Previous Challenge Entry (Level 3 - Advanced)
Topic: Shrewdness (03/07/05)
- TITLE: Lesson in Gardening
By Joyce Poet
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For the amount of money he’d saved, the only field he could afford needed clearing. Therefore, he spent the first summer removing brush. By fall, the field was ready to plow. He intended to plow once in the fall and again after a hard freeze so that the tough soil would be well prepared for planting come spring.
To his misfortune, he had not counted the cost of oxen. Therefore, by the end of winter, he’d only managed to plow the field once by hand. Being the man of God that he was, he chose to simply be thankful for his youth and stamina and spent the spring hauling off large rocks he’d turned up while plowing. Of course, it was too late to plant by the time he’d finished preparing the soil.
He continued to work in other men’s gardens and saved every penny he earned. The second summer passed and he had purchased oxen to begin another fall plowing. After the second plowing and the end of winter, the soil appeared to be perfect. He looked proudly at his field and said “surely the favor of God rests on me.”
In early spring, the man planted seeds and kept them well watered. But when the third summer arrived, his plants were weak and bore very sparse, sickly food. He remembered hearing somewhere that first year gardens seldom produce and that it takes at least two or three years to get a decent crop. So he repeated the process of the prior two years. But his garden fared no better the fourth summer. Still, he continued to weed, to plow, to form rows, and to sow seeds.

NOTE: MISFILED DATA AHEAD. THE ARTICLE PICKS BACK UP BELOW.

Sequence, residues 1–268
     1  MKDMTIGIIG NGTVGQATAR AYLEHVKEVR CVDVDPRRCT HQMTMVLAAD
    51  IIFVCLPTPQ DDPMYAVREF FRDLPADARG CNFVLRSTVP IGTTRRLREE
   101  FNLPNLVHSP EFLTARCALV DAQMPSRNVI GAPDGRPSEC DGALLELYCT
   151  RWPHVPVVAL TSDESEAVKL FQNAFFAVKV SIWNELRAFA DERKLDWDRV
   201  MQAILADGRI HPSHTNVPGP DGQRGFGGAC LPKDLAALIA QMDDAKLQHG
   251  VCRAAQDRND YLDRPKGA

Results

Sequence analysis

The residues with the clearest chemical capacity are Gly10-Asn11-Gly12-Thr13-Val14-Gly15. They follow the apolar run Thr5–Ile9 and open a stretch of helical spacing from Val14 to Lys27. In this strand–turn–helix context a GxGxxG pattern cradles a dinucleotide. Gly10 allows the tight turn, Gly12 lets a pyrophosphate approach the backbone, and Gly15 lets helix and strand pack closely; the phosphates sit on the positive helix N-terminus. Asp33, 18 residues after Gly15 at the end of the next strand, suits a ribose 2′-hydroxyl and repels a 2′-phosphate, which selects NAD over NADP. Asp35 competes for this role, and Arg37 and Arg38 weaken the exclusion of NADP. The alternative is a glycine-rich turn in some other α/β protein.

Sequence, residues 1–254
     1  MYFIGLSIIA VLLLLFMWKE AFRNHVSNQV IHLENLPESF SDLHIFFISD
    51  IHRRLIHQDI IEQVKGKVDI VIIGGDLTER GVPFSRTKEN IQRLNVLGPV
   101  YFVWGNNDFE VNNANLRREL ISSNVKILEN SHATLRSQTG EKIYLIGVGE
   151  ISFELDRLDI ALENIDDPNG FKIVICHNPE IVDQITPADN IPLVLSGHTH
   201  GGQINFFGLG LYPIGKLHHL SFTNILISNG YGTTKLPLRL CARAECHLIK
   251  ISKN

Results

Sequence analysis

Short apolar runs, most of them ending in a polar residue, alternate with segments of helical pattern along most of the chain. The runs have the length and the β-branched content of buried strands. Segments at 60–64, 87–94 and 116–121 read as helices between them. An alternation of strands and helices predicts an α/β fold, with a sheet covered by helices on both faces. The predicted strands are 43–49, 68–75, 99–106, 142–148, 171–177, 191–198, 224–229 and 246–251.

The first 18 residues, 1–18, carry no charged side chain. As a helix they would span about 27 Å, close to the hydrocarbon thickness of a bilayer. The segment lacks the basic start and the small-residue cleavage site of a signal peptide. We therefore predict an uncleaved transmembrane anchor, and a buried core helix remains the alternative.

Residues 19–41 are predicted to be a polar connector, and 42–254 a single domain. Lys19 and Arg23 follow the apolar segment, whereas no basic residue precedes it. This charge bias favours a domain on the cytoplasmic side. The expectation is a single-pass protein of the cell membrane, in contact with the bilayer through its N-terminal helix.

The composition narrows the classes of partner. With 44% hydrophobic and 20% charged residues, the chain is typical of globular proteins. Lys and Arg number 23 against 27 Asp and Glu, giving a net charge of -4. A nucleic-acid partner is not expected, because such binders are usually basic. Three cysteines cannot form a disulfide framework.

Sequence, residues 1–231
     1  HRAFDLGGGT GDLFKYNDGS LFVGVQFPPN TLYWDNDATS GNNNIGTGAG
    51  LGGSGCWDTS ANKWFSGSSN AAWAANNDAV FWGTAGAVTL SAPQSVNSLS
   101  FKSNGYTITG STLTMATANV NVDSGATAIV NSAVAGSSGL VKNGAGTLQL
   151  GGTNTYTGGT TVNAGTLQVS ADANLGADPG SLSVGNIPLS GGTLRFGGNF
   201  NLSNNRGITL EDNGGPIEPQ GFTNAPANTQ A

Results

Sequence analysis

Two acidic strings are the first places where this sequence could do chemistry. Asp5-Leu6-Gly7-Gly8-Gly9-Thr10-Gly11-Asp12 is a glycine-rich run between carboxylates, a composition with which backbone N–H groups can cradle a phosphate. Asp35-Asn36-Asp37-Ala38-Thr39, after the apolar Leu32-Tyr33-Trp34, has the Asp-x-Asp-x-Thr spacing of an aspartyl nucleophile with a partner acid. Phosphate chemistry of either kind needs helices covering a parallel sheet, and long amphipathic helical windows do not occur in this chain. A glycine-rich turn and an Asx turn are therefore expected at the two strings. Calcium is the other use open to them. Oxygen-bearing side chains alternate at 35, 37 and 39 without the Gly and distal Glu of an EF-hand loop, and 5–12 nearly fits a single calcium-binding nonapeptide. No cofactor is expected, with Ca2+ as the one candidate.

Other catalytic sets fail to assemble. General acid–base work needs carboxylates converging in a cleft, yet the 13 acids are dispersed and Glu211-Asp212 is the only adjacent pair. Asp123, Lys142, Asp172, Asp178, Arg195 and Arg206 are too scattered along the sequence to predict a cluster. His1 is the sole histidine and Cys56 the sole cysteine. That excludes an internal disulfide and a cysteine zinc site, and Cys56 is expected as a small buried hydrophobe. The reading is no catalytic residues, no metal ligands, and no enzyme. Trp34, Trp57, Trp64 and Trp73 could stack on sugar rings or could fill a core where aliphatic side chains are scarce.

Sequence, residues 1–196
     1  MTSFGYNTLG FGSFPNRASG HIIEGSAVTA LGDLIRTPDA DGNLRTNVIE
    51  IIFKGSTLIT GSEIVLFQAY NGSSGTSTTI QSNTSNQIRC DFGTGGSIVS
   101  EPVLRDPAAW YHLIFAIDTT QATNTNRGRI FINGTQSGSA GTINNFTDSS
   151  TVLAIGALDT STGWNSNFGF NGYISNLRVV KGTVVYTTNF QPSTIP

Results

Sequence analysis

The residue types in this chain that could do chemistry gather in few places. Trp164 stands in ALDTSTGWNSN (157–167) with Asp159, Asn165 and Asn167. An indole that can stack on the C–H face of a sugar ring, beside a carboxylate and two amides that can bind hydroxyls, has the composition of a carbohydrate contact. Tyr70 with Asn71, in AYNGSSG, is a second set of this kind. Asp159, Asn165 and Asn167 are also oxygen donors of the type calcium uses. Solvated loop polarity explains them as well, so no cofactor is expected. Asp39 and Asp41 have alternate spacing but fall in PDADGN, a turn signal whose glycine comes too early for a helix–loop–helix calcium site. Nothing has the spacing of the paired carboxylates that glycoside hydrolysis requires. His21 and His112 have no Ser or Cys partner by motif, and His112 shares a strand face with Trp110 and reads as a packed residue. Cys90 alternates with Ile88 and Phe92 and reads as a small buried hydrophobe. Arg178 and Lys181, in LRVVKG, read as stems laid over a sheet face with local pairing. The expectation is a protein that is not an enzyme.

The fifth summer came and the man, now older and with a much darker complexion, looked out at a field full of young plants. “Soon, I will have more than enough food for myself. I will give some to the poor, as the Lord has been most generous. And I will sell what is left to make a handsome profit.”
One night, as the man slept, a severe lightening storm destroyed his garden. He woke to find broken plants scattered across his field. Not one plant remained standing. The man was devastated.
Heartbroken, he continued to work in other men’s gardens and decided that he would be wiser to just build a house on his field. He saved his earnings to purchase lumber. He never visited his field and came to accept that becoming a master gardener was nothing more than a pipedream.
The following fall, he gathered other men’s harvests. In winter, he worked other men’s soil. In spring, he planted other men’s seeds. And in the sixth summer, he weeded their gardens. By the next harvest season, he had purchased enough lumber to begin building and carried it out to his field.
He couldn’t believe his eyes! His field was dense with plants bearing much fruit. Never had he seen a garden so healthy. “How did this happen?” he wondered.
Deep beneath the soil, where the man couldn’t see, his fifth summer plants had taken root. The lightening and strong winds had destroyed all that he could see above ground. But the roots were strong and survived. The plants had actually been supernaturally pruned and the soil supernaturally fertilized with rotted plant remains, perfecting the soil for the sixth year growth.
(All scriptures -- KJV)
Proverbs 27:1 Boast not thyself of to morrow; for thou knowest not what a day may bring forth.
Hebrews 11:1 Now faith is the substance of things hoped for, the evidence of things NOT SEEN.
II Corinthians 5:7 (For we walk by faith, not by sight:)
Proverbs 3:5-6 Trust in the LORD with all thine heart; and lean not unto thine own understanding. In all thy ways acknowledge him, and he shall direct thy paths.
Isaiah 55:8-9 For my thoughts are not your thoughts, neither are your ways my ways, saith the LORD. for as the heavens are higher than the earth, so are my ways higher than your ways, and my thoughts than your thoughts.
III John 1:2 Beloved, I wish above all things that thou mayest prosper and be in health, even as thy soul prospereth.
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